Birger Bergersen

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Birger Bergersen in December 1953

Birger Martin Bergersen (25 July 1891 – 14 July 1977) was a Norwegian anatomist and politician for the Labour Party. He notably served as a professor (1932–1947) and rector (1938–1945) of Norges tannlegehøgskole, Norway's ambassador to Sweden (1947–1953), Norwegian Minister of Education and Church Affairs (1953–1960) and chairman of the International Whaling Commission.

Early life and education[edit]

He was born in Kvæfjord as a son of teacher Hans Christian Bergersen (1835–1925) and his wife Ingeborg Kristine Heitmann (1848–1938). He finished his secondary education in 1909, and was hired as a journalist in Social-Demokraten in 1910. He took a teacher's education in 1915, and after working one year as a teacher,[1] he enrolled at the Royal Frederick University to study medicine. After two years he switched to zoology, and he graduated with the cand.real. degree in 1925. His advisor for the master's degree was Kristine Bonnevie, and his thesis was translated, shortened and issues in the German journal Zeitschrift für Zellforschung und mikroskopische Anatomie in 1926. Bergersen was a board member of the Norwegian Students' Society, and worked part-time as a curator and assistant at the University and its Palaeontological Museum.[2]

Academic and diplomatic career[edit]

Shortly after graduating, he was hired as a docent at Norges tannlegehøgskole. He conducted further studies, mostly at the Swedish Veterinary College, and took the dr.philos. degree in 1932 with the thesis Beiträge zur Kenntnis der Haut einiger Pinnipedien. This would be the pinnacle of his academic writings.[2] He was appointed as a professor of anatomy at Norges tannlegehøgskole in the same year, and served as vice rector from 1933 to 1937.[1]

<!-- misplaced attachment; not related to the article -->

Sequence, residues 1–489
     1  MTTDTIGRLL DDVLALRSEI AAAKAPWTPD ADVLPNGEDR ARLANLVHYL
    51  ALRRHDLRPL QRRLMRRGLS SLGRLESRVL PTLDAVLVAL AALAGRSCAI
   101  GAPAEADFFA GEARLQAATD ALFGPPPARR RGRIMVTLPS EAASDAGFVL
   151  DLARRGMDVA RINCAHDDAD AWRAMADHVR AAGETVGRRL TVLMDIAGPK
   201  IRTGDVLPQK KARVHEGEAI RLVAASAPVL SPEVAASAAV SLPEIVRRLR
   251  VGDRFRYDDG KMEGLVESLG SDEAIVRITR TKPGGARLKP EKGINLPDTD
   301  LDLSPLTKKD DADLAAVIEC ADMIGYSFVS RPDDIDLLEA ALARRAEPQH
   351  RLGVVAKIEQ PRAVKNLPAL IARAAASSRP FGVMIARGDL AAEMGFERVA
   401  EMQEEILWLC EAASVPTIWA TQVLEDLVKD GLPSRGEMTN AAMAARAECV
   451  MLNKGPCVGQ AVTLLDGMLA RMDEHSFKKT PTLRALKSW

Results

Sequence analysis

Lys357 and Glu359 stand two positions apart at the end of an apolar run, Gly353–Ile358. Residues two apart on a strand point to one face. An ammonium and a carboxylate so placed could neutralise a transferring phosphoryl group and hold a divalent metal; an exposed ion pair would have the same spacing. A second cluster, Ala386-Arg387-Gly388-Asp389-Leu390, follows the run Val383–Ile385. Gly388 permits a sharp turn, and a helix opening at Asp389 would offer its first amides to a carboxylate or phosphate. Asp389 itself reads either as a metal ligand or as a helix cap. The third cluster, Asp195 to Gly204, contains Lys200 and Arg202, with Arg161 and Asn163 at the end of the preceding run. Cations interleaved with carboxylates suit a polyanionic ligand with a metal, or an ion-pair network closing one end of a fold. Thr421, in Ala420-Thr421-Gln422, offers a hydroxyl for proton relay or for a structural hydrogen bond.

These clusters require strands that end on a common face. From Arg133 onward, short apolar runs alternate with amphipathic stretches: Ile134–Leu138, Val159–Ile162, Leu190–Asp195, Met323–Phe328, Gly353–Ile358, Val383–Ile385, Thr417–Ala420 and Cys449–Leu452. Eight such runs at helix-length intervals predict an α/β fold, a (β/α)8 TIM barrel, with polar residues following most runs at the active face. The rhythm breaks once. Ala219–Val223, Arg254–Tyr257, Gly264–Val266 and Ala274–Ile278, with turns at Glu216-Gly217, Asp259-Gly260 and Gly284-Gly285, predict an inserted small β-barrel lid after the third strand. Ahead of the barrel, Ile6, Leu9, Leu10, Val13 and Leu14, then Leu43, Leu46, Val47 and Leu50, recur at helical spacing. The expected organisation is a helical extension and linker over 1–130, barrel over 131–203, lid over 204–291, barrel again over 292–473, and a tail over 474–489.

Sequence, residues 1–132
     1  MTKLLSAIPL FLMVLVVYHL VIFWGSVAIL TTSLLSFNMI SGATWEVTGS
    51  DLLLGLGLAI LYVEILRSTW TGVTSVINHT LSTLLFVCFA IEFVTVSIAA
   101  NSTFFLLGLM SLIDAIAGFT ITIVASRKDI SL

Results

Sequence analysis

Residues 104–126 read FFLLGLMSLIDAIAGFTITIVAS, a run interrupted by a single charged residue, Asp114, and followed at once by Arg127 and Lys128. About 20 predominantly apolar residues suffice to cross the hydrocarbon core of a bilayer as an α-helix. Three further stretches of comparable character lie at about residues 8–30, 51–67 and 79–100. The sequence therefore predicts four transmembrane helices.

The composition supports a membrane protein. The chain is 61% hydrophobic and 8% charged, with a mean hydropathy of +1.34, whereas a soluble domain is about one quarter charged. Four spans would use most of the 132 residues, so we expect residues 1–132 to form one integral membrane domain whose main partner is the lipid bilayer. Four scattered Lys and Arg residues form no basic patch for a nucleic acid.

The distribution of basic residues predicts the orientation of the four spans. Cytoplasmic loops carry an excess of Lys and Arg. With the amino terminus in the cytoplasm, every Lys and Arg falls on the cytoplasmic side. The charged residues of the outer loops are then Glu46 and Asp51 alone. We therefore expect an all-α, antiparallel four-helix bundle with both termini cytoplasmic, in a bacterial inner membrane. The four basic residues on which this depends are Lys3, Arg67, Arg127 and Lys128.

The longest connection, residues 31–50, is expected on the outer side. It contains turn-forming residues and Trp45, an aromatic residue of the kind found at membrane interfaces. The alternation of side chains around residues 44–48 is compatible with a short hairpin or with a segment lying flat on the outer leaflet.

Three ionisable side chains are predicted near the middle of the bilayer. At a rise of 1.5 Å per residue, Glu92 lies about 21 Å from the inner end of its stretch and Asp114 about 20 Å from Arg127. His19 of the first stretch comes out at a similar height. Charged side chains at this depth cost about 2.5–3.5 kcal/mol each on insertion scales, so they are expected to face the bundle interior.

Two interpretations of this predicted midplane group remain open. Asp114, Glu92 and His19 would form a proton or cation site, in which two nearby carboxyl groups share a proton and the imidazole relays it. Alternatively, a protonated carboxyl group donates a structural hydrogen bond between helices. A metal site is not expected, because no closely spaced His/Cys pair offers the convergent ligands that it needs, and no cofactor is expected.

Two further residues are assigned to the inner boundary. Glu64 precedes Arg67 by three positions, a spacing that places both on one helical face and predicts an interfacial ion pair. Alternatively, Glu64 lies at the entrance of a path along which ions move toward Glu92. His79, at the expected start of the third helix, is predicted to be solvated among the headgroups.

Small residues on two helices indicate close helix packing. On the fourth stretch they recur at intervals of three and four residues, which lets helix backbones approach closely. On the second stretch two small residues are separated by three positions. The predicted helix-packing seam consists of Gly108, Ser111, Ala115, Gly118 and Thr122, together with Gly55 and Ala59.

In 1938 he was made rector of Norges tannlegehøgskole. In 1942 he had to flee to London because of World War II and the German occupation of Norway. In London he worked for the Norwegian Ministry of Provisioning and Reconstruction. Formally, he still held the position of rector, but only until 1945. In 1947 he left as professor as well, as he had become the Norwegian ambassador to Sweden.[2]

Bergersen was also an activist, from the 1930s onwards, against the unsustainable hunting of whales in the Southern Ocean. This led to the creation of the International Whaling Commission, where Bergersen was the first chairman.[2] He chaired Hvalrådet from 1936 to 1954.[1]

He was a member of the Norwegian Academy of Science and Letters from 1936, the Royal Norwegian Society of Sciences and Letters from 1955 and the New York Academy of Sciences from 1960. He was an honorary member of the Norwegian Dental Association from 1950 and the Swedish Dental Society from 1956.[1]

Political career[edit]

Bergersen had been a member of Oslo city council from 1934 to 1940, and briefly in 1945 after the war's end. In December 1953, while still serving as ambassador, he joined the Cabinet of Oscar Torp as Minister of Education and Church Affairs. He served until April 1960, remaining in the post well into the Gerhardsen's Third Cabinet.[1] In 1960 he was replaced with Helge Sivertsen.[2]

Bergersen was also a board member of the Norwegian Maritime Museum from 1928 to 1967, of the Oslo municipal cinema from 1935 to 1940 and Kommunenes Filmcentral. He was a deputy board member of Norsk Film, and sat on the supervisory board of Oslo Sporveier.[1]

Since 1930 he was married to Benedicte Nicolaysen (1897–1981). He died in July 1977 in Oslo.[2]

Select publications[edit]

  • Beiträge zur Kenntnis der Haut einiger Pinnipedien, Ph.D. dissertation, 1931
  • Om vern og utnyttelse av landpattedyr og fugl på Svalbard og Jan Mayen, 1938
  • Liv og utvikling. Trekk fra biologiens historie, 1966
  • Modningsår, 1969
  • Hva USA skylder Hitler, 1973


  1. ^ a b c d e f "Birger Bergersen" (in Norwegian). Storting. 
  2. ^ a b c d e f Walløe, Lars. "Birger Bergersen". In Helle, Knut. Norsk biografisk leksikon (in Norwegian). Oslo: Kunnskapsforlaget. Retrieved 30 January 2010. 
Political offices
Preceded by
Lars Magnus Moen
Norwegian Minister of Education and Church Affairs
Succeeded by
Helge Sivertsen